Arriva il primo smartphone

The first smartphone for cats and dogs

All owners would like to step up their checks to make sure that their dog is safe, both inside and outside their house. From Motorola comes the first hi-tech collar that allows you to monitor all of his movements with a simple click.

The name of this device is Motorola Scout 5000, with the smaller version called the Scout 2500, designed especially for cats and small dogs. It represents an innovative middle ground between a smartphone and a GPS locator.

It should be applied to the dog's collar, on the front of the animal's neck, and is equipped with a long series of tools and services.

Among these, the most innovative is undoubtedly the one that allows you to record high-definition movies whenever you want, thanks to the presence of a wide-angle HD video camera.

The device is able to boast both a Wi-Fi connection and a 3G module, to be connected even outside the home.

Thanks to the GPS sensor, moreover, it is possible to easily locate an animal that often tends to move away from home, but you can also use it to find out what they do during their solitary walks.

Among the most curious services offered by the Scout 5000 and 2500, there is also the possibility of communicating directly with your pet thanks to short voice messages.

The launch price announced by Motorola is $ 199 for the Scout 5000 and $ 99 for the Scout 2500.

This is undoubtedly an excellent idea to always stay connected with your four-legged friend

 

 

immagine In caso di incidente è obbligatorio soccorrere l'animale

In case of an accident we must rescue our pet

The long list of measures in favour of our four-legged friends continues, also as regards to the behaviour to be taken on the streets. In 2011, in fact, the Highway Code was updated with a fundamental paragraph, which obliges anyone who causes an accident against a dog or cat to give assistance.

I cani comprendono il nostro linguaggio, uno studio lo rivela

Dogs can understand our language, a study reveals it

According to a recent study published in "Current Biology", dogs would be able to understand human language, setting in motion a whole series of actions from the neurological point of view to be able to decipher what we are telling them.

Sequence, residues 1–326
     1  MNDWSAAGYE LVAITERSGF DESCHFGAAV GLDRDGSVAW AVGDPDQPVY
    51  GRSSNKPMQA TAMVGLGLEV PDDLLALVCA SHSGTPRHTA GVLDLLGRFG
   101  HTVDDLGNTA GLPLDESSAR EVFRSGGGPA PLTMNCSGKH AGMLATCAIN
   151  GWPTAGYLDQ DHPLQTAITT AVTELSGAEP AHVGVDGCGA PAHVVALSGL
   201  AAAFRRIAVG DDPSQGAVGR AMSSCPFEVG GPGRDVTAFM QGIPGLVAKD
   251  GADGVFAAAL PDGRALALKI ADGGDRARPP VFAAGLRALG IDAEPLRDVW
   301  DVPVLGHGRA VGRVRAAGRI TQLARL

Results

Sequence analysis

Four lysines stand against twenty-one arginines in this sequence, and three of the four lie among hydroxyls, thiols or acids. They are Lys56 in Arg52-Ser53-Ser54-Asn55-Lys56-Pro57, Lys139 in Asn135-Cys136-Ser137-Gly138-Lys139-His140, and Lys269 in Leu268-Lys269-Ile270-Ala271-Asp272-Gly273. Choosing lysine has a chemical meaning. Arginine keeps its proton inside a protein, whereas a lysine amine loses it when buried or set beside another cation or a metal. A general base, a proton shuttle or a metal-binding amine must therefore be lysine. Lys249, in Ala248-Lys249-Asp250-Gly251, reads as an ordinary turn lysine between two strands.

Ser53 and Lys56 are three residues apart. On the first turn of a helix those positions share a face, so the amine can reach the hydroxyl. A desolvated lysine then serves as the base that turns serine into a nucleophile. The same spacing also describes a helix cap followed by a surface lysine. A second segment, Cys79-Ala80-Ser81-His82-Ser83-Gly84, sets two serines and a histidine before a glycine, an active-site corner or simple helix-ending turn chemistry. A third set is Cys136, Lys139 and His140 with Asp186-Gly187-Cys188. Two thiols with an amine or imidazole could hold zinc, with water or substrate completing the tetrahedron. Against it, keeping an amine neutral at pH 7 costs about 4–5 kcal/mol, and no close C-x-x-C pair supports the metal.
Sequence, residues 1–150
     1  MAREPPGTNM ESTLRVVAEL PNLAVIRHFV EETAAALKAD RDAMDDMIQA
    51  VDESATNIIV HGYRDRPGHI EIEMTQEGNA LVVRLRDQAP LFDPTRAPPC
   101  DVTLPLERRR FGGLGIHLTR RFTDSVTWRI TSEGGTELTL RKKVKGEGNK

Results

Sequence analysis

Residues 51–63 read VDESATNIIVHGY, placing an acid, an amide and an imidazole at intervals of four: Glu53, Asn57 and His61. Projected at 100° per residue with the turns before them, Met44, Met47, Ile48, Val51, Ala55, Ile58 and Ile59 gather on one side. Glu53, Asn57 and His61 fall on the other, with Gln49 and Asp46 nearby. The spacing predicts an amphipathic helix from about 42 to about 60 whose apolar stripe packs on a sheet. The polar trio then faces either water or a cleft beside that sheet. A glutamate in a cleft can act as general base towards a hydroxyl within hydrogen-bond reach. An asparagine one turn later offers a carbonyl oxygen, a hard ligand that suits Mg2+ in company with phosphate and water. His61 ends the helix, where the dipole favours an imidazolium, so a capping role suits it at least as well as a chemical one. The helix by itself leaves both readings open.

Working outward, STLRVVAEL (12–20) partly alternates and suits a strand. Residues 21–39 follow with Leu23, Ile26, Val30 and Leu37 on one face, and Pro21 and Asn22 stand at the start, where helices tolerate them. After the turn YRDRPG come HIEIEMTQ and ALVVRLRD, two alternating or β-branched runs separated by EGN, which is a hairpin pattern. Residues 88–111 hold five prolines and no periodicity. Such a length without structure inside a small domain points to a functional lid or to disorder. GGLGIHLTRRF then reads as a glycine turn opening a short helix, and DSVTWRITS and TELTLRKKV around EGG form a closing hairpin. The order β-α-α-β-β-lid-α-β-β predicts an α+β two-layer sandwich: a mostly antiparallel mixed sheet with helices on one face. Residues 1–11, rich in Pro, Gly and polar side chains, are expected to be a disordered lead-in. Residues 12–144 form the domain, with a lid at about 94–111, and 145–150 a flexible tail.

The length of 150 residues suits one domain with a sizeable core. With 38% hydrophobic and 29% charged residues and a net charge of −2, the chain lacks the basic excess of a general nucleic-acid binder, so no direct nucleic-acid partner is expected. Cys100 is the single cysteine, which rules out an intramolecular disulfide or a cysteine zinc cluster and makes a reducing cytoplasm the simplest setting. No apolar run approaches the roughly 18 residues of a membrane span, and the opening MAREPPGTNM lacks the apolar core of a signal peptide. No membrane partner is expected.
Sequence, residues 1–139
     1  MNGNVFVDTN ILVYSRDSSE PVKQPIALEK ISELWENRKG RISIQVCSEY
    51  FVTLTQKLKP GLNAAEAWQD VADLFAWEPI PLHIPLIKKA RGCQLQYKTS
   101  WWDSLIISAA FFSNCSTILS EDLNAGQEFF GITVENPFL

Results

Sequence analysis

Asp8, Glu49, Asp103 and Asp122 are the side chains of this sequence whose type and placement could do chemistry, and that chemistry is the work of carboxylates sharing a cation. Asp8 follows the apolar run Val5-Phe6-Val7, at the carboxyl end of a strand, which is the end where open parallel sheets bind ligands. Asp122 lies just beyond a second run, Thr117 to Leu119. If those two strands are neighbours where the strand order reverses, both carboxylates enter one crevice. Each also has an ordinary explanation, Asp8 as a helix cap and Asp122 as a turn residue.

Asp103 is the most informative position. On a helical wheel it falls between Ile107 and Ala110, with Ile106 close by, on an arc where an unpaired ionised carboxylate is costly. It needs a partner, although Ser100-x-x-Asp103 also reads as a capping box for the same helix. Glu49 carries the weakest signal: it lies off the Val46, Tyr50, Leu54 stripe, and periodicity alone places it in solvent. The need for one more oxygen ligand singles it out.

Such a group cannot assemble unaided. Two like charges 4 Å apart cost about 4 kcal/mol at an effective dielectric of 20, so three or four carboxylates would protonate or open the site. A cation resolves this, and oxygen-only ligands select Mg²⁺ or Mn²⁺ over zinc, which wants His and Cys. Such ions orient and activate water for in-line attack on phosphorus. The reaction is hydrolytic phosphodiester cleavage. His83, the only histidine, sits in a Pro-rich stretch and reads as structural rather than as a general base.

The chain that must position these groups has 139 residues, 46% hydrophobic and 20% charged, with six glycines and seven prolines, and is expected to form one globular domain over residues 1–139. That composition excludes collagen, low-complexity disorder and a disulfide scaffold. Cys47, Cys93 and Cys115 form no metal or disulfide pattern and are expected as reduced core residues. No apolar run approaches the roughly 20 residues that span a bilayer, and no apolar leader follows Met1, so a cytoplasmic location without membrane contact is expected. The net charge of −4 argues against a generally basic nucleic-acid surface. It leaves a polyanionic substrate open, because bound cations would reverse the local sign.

Let's face it. We all talk to our dog or cat, some only in private, some also in public. We confide in him our thoughts, praise him with endorsements and nicknames invented on the spot, and we often ask him about his moods. It is no coincidence we refer to them as friends.

In particular, dogs seem the most involved in our conversations, which apparently may seem "crazy" by someone who is not lucky enough to live with a pet.

In fact, when we talk to the dog, he observes us carefully and is ready to rotate his head, as if he were approving our speech.

From today, you can show this article to all your friends who make fun of you every time they see you communicating with your pet. Let's find out why.

According to the study published in "Current Biology", in fact, it would seem that dogs are really able to get as close as possible to our language.

The confirmation comes from some neurological tests carried out, in an absolutely cruelty-free way, on some domestic dogs. According to the outcome of these tests, some areas of the dog's brain would activate to process the sounds emitted by humans.

The mechanism behind listening and understanding could be very similar in humans and dogs.

In both cases, in fact, the brain is divided into two parts, called hemispheres, right and left. When someone talks to us, the left part tries to connect a linguistic meaning to the sound of words, while the right part combines the sound to emotions and sensations.

In a nutshell, if the teacher scolds a child, the left hemisphere will understand the meaning of the words used to blame him, whilst the right hemisphere will allow the child to be informed that the teacher's voice is angry.

At this point, it is important to introduce the concept of the hemispherical "bias": in humans, the sounds perceived with the right ear are sent to the left hemisphere and vice versa, with a sort of exchange of information.

It is on this concept that the whole study is based on.

In fact, it has been shown that the dog's brain also carries out this exchange of information, made possible by the "bias". Consequently, by making him listen to a sound, the dog will turn his head to the right if he wants to receive the information with the left hemisphere, the one responsible for the meaning, and vice versa to the left if he wants to receive the information with the right hemisphere, responsible instead emotional listening.

This is the most accredited theory so far believed that dogs are able to receive sounds exclusively from an emotional point of view. An angry voice is equivalent to a rebuke, while a cheerful tone to something positive.